If the buzz about artificial intelligence is starting to sound reminiscent of the late days of the dotcom boom, there’s an excellent explanation for the déja vu. Whether you accept Gartner’s Hype Cycle as gospel or think of it as a metaphor, there’s no doubt AI has followed its classic pattern from technology breakthrough in 1956 through the peak of inflated expectations, the trough of disillusionment, and onto the slope of enlightenment.
During this phase, the potential benefits of AI are starting to be realized. Research is ongoing, and second- and third-generation product iterations are building confidence as they’re fine tuned. We haven’t yet reached the plateau of productivity, in which there is mainstream adoption of not only the concept but also of criteria for assessing it. But we’re close.
The development of AI has also followed Amara’s Law, which states that we tend to overestimate the effect of a technology in the short term but underestimate its long-term effects. The celebration of AI’s usefulness in fraud detection, autonomous vehicles, speech and image recognition, and natural language comprehension is deserved. But we’re also starting to look long and hard at how crucial is to eliminate bias in AI and how to accomplish it.
At CES 2020, the Consumer Technology Association has scheduled a day-long AI track. While presenters will look at consumer-facing AI technology, they’ll also ponder AI’s global economic impact, how to integrate it throughout all industries, and examine its biases.
Here are three examples of bias that have been discovered in computer vision systems alone:
- gender classification systems are more accurate for lighter skinned males than they are for darker skinned females;
- women are under-represented in image search occupation results, which reinforces gender stereotypes; and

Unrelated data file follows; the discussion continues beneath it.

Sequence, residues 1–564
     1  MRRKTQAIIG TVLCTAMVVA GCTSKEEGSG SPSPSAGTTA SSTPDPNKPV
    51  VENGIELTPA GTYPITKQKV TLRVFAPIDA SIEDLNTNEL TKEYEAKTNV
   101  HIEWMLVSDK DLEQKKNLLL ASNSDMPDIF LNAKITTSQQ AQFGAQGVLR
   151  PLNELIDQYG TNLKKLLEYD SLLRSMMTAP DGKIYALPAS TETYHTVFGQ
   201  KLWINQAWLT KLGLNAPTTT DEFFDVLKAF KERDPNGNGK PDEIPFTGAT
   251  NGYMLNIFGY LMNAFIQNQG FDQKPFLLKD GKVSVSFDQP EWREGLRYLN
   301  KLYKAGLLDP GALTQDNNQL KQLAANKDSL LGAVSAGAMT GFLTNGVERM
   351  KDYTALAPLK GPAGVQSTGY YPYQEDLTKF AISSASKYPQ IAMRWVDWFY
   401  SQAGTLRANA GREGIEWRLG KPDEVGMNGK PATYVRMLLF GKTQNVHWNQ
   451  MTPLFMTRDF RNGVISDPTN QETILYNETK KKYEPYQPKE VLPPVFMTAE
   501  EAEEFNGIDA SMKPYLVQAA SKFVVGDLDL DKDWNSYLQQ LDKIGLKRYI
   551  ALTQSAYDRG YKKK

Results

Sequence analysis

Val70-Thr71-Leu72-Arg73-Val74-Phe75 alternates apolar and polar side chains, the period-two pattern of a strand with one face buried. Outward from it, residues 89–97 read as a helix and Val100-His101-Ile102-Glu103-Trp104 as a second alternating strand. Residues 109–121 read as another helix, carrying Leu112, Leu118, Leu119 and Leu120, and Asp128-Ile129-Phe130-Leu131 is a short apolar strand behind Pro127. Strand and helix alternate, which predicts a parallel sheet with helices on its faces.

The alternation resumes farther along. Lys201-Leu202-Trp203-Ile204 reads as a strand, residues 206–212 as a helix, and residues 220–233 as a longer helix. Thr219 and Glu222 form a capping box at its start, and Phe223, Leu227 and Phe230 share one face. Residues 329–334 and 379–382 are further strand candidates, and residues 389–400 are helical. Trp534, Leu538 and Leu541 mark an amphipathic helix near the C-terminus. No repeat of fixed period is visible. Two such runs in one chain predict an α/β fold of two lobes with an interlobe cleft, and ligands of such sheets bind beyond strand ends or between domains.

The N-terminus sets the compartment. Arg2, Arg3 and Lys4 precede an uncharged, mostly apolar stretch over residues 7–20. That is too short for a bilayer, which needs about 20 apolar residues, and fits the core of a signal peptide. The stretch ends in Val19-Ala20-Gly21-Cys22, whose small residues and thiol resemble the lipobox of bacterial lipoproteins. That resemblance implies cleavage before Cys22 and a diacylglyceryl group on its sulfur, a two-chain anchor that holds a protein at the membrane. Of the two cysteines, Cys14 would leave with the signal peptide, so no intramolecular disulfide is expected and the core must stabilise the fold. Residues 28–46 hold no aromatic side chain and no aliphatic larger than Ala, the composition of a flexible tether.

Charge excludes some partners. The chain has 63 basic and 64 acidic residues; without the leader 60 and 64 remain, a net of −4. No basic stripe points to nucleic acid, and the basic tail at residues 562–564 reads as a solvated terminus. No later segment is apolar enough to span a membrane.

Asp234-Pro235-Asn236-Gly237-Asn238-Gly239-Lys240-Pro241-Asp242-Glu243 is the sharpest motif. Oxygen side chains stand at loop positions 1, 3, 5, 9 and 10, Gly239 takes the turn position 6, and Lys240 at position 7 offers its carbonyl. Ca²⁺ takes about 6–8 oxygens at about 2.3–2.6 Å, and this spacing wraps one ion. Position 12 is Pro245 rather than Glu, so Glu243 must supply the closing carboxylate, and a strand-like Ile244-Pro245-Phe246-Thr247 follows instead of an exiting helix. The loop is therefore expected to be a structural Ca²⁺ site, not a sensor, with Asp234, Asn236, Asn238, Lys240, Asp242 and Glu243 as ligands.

- there is a 10% greater error rate of object-recognition systems for very low income households (less than US$50 per month) versus those making more than US$3, 500 per month.
This focus on eliminating AI bias is crucial to its continued development and adoption. That’s partly because focus on eliminating bias highlights the biggest myth about AI: AI is AI is AI. The earliest concept, General AI, involved the creation of machines that would function as Humans 2.0: bigger, faster, stronger, and just as smart if not smarter. But what we’ve seen to date is actually Narrow AI: algorithms trained and modified by machine learning to perform highly specific tasks as well as or better than humans can.
Simulating how humans deal with ambiguity and nuance in a particular situation (language usage, for instance, where a word has multiple meanings but its intended meaning can be determined by context) is something AI can do. But AI cannot currently be extended to solve problems it hasn’t been trained to solve. In other words, most AI still can’t pass the 1950 Turing Test consistently, although Natural Language Processing has come a long way in a relatively short period of time.
The most pervasive myth about AI is that its algorithms can make sense of any and all data. The reality, however, is that the quality of data, including its sources, matters (and it probably matters more than its quantity). As IT Professional Magazine’s Seth Earley has said, “The most important input for an AI tool is data—not just any data, but the right data . . . relevant to the problem being solved and specific to a set of use cases and a domain of knowledge.”
Watson’s Jeopardy win is a classic example of what it will take to get to the plateau of productivity: three years of effort and a $25-million investment. And if a single human brain really does have more switches than all computers, routers, and internet connections combined, General AI is still a very long way off.
Whether that’s a good thing or a bad thing isn’t yet clear. But it does mean two of the other myths about AI are just that: AI will lead to huge job losses and eliminate the need for humans.
Gartner and Deloitte both predict net job gains by 2020. Gartner’s prediction is that 1.8 million U.S. jobs will be lost as a result of AI implementation. But 2.3 million will be created. Unemployment stats reinforce this conclusion, with the U.S. unemployment rate lower in 2019 than it’s been in 50 years. Deloitte sees a lot of job gains among the self-employed: 42 million “alternative” workers by 2020.
Ultimately, the technology and machines we’ve created aren’t really so different from us. Just as humans need continuous learning and nutritious fuel to thrive, so does AI. Gartner’s hopeful prediction is that augmented workforce combining human and artificial intelligence will recover $6.2 billion hours of work productivity. In a world where being “on” 24/7 has become the norm, AI may be key to finally working smarter, not harder.